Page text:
These magazines mostly talk about how you can get good at sex, how to work out properly, beverages that only men drink, what to wear, and other ways of controlling how a man lives, These magazines are heavily popularized and have become a staple to how to be a man They were meant to he recommendations for men to consider, but since they have so much influence (because of celebrities and figureheads endorsing their products) over people, these “recommendations" became a requirement It is technically not the magazine’s fault that what they put out becomes a social role for men, it is the men that take it upon themselves to apply what the magazine showcases in their lives, This is what makes the magazines more popular and influential to other men. For instance, if you see your favorite basketball player wearing a $500 shirt that is madejust for men, you would most likely become more inclined to buy something similar to what he is wearing.

Since magazines use strong influences like celebrities and images of the “perfect” man, it is easy for them to determine what it takes to be masculine Men have had these stereotypes ever since they were created, and can be seen throughout history, Mary Wollstonecraft, a well renowned feminist in the 18‘“ century, describes men to “be cunning, mean, and selfish“ in her “A Vindication of the Rights of Women”. She goes into depth of how men are the head of the household and hold every right to do what they please at any given time that they want. On the other hand, women are “weak in mind and body, [and] they cannot exert themselves, unless to pursue some frothy pleasure, or to invent some frivolous fashion”.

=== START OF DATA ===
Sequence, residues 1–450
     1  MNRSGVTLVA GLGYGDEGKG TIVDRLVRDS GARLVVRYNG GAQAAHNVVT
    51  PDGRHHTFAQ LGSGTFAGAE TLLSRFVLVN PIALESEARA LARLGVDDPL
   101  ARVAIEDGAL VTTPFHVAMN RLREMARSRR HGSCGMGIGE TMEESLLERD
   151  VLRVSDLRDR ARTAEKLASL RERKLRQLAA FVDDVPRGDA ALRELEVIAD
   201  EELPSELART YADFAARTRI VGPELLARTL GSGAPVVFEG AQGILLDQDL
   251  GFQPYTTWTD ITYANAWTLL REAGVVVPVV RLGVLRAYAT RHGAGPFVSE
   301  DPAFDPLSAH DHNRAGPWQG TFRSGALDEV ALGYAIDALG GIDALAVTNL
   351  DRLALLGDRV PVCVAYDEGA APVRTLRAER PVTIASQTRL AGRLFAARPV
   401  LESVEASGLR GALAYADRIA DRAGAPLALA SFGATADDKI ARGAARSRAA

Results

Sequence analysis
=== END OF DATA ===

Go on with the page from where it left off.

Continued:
This idea that women were of a lower class than men, pushed the mentality of masculinity. Back then, women were not given any rights and were not educated. Because of this, men were put to the task of being the protectors and the main providers for women and their families. Moving forward in history, even with new laws that make things more fair for women, traditional ways of thinking still have men at the top of the food chain, And because men were considered the breadwinners and defenders, attributes like toughness and never showing weakness followed suite. Men are more than simple-minded, tough, protective, misunderstood creatures.

But stereotypes from movies, television, magazines, and throughout the course of history, have given males social roles that project masculinity. These mediums use influential people to determine what is masculine; give men social roles derived from movies as the protectors and warriors of society; showcase how women have been put down so that men could take the leading role; and have given men attributes such as being tough, sexual, intimidating, and hard, These stereotypes have been around for along time, and the only way to get rid of them is if society stops letting media control their views and perspectives of reality.

Updated: May 07, 2023
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How Film, Television and Other Media Shape Men's Social Roles 300 Movie. (2023, May 07). Retrieved from

How Film, Television and Other Media Shape Men's Social Roles 300 Movie essay